To identify genetic polymorphisms that specifically modify the risk of developing CM, we searched for genotype differences between patients having CM and those having severe malaria in absence of CM (SnC). We found that the genotype frequencies in 9 out of the 26 SNPs analyzed in the TGFB2 gene and 3 out of 10 SNPs analyzed in HMOX1 gene showed suggestive association to CM (uncorrected P-value<0.05) when comparing CM patients with SnC patients but not in comparison with UM patients and UIF controls (Table 1). These results raised the possibility that variants of these genes could be involved in specifying the risk of developing CM in the context of severe malaria. Also, we noted that an additional SNP in the HMOX1 gene (rs2071748) showed significant association only when comparing CM with UM patients (Table 1). This finding suggested that the SNP rs2071748 could represent a risk factor for severe malaria, which was also detected when comparing SnC to UM patients (data not shown). This SNP maps very closely to the GT repeat polymorphism that has been associated to CM in a study in the Myanmar population [41]. We genotyped this microsatellite and found that the frequency of the GT-repeat short alleles tends to be higher in CM patients as compared to UIF controls (P = 0.0057) and to UM patients (P = 0.038) but not when compared to SnC patients (see Figure S1 and Table S2). This result suggests that the rs2071748 CM-association signal was also captured by the HMOX1-GT repeat. In contrast, two SNPs on the CD36 gene which was previously reported to be associated with disease severity [28], [31], [32], showed to be associated to CM when comparing to SnC patients but also with UM patients and UIF controls (Table 1). This result suggested that genetic variants of the CD36 gene play a role at various stages of disease progression but are not specifically involved in specifying the clinical outcome of the severe malaria. We also found that the SNPs of the ICAM 1 gene were not associated to CM (Table S3).

Linkage Disequilibrium analysis

We used linkage disequilibrium (LD) analysis to take into account the relative positions of the CM-associated SNPs in the TGFB2 and HMOX1 genes. Out of the 26 SNPs that were analyzed across 100 kb in the TGFB2 region, the nine SNPs specifically associated with CM clustered in a region spanning 48 Kb. LD analysis revealed a region of strong LD covering 27 kb of the structural TGFB2 gene that encompassed eight SNPs associated with CM. The remaining CM-associated SNP (rs1317681) maps 15 kb from this region and showed a weaker statistical association to CM (Table 1). The r2 among the eight SNPs varied from 0.6 to 1.0 suggesting that this region may represent a LD block in the TGFB2 gene (Figure 1). Similarly, we found that 5 out the 10 SNPs analyzed in the HMOX1 gene were mapping within a strong LD group (r2>0.9) that spanned approximately 8 kb. This region encompassed the three SNPs associated with CM, one SNP (rs9622194) marginally associated with CM (P-value = 0.06) (Table S3) and the SNP (rs2071748) associated with disease severity (Figure 2).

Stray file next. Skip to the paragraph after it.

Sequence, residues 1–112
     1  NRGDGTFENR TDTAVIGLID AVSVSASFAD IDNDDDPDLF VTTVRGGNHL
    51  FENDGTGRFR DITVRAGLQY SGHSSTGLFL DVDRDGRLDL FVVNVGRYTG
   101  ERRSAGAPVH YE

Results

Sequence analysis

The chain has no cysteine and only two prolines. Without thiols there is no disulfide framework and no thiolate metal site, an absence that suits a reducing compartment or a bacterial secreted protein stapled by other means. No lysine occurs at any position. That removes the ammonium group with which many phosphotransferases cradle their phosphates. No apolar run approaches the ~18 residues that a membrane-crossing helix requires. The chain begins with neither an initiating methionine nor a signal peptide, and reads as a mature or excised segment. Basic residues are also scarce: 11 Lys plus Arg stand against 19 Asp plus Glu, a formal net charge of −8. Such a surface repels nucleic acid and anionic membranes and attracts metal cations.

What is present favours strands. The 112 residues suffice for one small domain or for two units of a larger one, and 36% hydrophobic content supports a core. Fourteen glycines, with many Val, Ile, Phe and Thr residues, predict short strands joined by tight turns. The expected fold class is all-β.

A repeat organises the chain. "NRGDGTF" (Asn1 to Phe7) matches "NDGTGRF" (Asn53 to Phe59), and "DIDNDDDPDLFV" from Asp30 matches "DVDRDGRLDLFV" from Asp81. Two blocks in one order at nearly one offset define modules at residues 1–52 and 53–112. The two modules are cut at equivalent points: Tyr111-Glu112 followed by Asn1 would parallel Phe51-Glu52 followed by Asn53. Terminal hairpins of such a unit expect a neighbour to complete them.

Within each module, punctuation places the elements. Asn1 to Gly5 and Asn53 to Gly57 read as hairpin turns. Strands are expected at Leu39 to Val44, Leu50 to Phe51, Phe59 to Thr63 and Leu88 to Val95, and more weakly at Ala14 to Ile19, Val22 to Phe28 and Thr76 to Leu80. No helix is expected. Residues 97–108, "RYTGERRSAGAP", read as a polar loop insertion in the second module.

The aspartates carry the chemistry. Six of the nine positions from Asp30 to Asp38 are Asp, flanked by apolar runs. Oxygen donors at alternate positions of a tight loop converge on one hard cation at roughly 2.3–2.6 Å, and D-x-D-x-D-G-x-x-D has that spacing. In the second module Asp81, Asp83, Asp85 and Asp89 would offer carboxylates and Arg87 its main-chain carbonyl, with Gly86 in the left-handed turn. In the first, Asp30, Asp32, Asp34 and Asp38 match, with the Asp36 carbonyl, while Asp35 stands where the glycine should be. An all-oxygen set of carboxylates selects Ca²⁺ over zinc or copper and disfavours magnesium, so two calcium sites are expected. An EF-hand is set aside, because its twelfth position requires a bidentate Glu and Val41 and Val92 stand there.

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Figure 1. Association tests and LD analysis in the TGFB2 gene single-nucleotide polymorphisms (SNPs).

The diagram represents in the vertical axis, the log10 of the P value of association tests of SNPs listed in the y-axis, obtained from logistic regression analysis. The points in red, blue and green represent the results of the association with the SNPs between cases of cerebral malaria (CM) and controls with severe no cerebral malaria (SnC), uncomplicated malaria (UM) and uninfected (UIF), respectively. The upper diagram shows a scale representation of the structure of the TGFB2 gene: exons are represented by boxes and marked with its number. The bottom of the diagram represents the LD between a pair of SNPs measured by r2. The image, below and to the left, corresponds to the color scale representing the values of LD, from yellow (r2 = 0) to red (r2 = 1). This diagram is an adaptation of the figure produced by the snp. plotter R package.

https://doi.org/10.1371/journal.pone.0011141.g001

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Figure 2. Association tests and LD analysis in the HMOX1 gene single-nucleotide polymorphisms (SNPs).

The diagram represents in the vertical axis, the log10 of the P value of association tests of SNPs listed in the y-axis, obtained from logistic regression analysis. The points in red, blue and green represent the results of the association with the SNPs between cases of cerebral malaria (CM) and controls with severe no cerebral malaria (SnC), uncomplicated malaria (UM) and uninfected (UIF), respectively. The upper diagram shows a scale representation of the structure of the HMOX1 gene: exons are represented by boxes and marked with its number. The bottom of the diagram represents the LD between a pair of SNPs measured by r2. The image, below and to the left, corresponds to the color scale representing the values of LD, from yellow (r2 = 0) to red (r2 = 1). This diagram is an adaptation of the figure produced by the snp. plotter R package.